Do Biosynthesized Amino Acids still need tRNAs?
When a cancer cell uses glutamate to make proline by biosynthesis, does it still require tRNA and undergo same translation processes as in normal amino acid translation?
- SmegheadLv 74 months agoFavourite answer
Your question is confused. tRNA is not used to MAKE amino acids; it is used to USE amino acids. tRNA is required to take an amino acid and put it into a protein. It doesn't matter whether the amino acid is made by the cell or absorbed from your food or whatever. It also doesn't matter if the cell is cancerous or not. tRNA is still needed during translation to get the amino acid into your protein.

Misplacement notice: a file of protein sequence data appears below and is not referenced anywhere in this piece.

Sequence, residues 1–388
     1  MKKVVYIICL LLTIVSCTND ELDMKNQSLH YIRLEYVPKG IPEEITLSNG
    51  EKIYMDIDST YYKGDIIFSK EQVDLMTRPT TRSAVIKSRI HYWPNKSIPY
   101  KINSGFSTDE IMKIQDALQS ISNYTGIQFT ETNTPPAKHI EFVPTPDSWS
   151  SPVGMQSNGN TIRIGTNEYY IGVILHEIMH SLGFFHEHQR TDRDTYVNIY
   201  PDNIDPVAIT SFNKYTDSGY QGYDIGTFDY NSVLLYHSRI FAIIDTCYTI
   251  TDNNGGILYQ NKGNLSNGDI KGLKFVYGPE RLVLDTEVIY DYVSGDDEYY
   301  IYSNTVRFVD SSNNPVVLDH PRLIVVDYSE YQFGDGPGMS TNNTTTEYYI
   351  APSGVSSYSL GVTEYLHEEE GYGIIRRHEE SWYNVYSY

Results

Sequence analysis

- Ted KLv 74 months ago
Short answer is NO.
Translation refers specifically and strictly to synthesis of proteins--the stringing together of amino acids by the translational machinery (including mRNA, tRNA, ribosomes, etc).
Biosynthesis of the amino acids themselves is a separate process from translation. It involves chemical modifications to various carbon skeletons of intermediates from metabolism.
Cancer cells do both of those the same way non-cancer cells do, although some of the regulatory processes which modulate them have been undone or aren't working.